I'm sure you have observed how the late afternoon sun changes colour and everything starts looking properly golden? Let me tell you why that is and why you should use it. It's all to do with the angle the sun hits the Earth's atmosphere. AT midday, when the light is at it's highest point on our horizon, the light enters the atmosphere in a perpendicular angle, traversing the atmosphere in the shortest possible way. But towards the end of the day, the sun hits the earth at an angle and the light rays have a longer way to travel. This causes more resistance and changes the frequency of the wavelengths and with that, their colour. 



BUT ALSO : Your camera sees light differently to you

There is a term photographers use when talking about their camera light capabilities - Dynamic range and it describes the distance ( in exposure stops) from the brightest part to the darkest part of the image. 

With strong light / strong contrast images, that dynamic range is quite large - we go from deep dark black of the shadows, through all the shades of grey to the purest bright white of the highlights. The trouble is that however good your camera is, your eyes will ALWAYS be better at seeing detail in the shadows and in the highlights. So you may be looking at the scene and seeing a dark-ish shadow with things still visible in it, but your camera will capture pure black. Same with highlights and white. And the stronger the contrast, the harder it will be for your camera to deal with it. This is why looking at the photos captured in bright sunlight can be quite disappointing - your camera saw something else than you did!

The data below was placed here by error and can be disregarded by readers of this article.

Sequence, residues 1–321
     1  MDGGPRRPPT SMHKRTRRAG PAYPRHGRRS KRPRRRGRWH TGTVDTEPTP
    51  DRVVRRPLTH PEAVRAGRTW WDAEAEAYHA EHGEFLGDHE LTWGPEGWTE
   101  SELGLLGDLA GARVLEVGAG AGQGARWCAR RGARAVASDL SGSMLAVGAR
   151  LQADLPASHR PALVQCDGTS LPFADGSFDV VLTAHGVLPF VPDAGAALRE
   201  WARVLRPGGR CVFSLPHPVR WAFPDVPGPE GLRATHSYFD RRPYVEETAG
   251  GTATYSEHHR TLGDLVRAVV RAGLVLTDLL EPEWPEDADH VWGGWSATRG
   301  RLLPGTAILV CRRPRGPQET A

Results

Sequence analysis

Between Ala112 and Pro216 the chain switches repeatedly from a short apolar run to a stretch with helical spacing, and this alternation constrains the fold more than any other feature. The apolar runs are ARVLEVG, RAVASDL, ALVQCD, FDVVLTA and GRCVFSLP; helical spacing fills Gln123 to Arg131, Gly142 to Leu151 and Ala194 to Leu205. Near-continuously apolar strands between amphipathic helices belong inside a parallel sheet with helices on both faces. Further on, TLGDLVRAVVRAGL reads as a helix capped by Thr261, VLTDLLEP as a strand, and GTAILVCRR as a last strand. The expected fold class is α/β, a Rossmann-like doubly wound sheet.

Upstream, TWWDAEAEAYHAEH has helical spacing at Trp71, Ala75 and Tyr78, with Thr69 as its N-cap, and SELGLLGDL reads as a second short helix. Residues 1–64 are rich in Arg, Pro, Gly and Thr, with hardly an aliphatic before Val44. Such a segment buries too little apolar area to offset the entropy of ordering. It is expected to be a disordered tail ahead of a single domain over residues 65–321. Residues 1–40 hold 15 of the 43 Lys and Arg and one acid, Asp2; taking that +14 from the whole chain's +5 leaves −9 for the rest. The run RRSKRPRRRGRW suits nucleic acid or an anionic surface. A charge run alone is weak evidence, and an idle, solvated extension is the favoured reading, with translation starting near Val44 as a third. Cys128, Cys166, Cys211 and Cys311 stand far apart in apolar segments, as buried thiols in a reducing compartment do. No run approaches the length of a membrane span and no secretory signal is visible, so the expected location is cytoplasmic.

BUT the good news is that you can also force your camera to make shadows darker or brighter that how you see them with the naked eye. We won't be going into it much as it really requires of you to have a bit of a stronger grasp of your camera ( which we do teach in our courses)  

Facts of the Summer Light

So how does all that relate to our summer light? 

In a nutshell

  • we get more sunny, non overcast days ( we hope) - so that you're more likely to be out and about in the sun and taking photos in these conditions
  • longer days, which means that comparatively, the sun is at its highest ( most challenging point) for a longer part of the day
  • In summer holidays we re more likely to be out and about when the sun is at it's highest, and also be in wide open spaces or near water which can cause additional issues ( water reflects! = 2 x the light!) 

All of the above adds up to potential trip hazards for your photos. But even the really challenging light can be turned from a problem to a stunning photo, you just need to know what to do with it. There are whole books written on the subject of shooting in challenging light and obviously, with us only having one day for it in this bootcamp, we are very limited in what we can teach you. Some of the techniques will also require you to have a good grasp on your camera and especially shooting in manual. 

BUT, even with those limitations, we can still help. So let's move to part 2 of the lesson where we show you how to handle summer light in a number of situations. 


Pen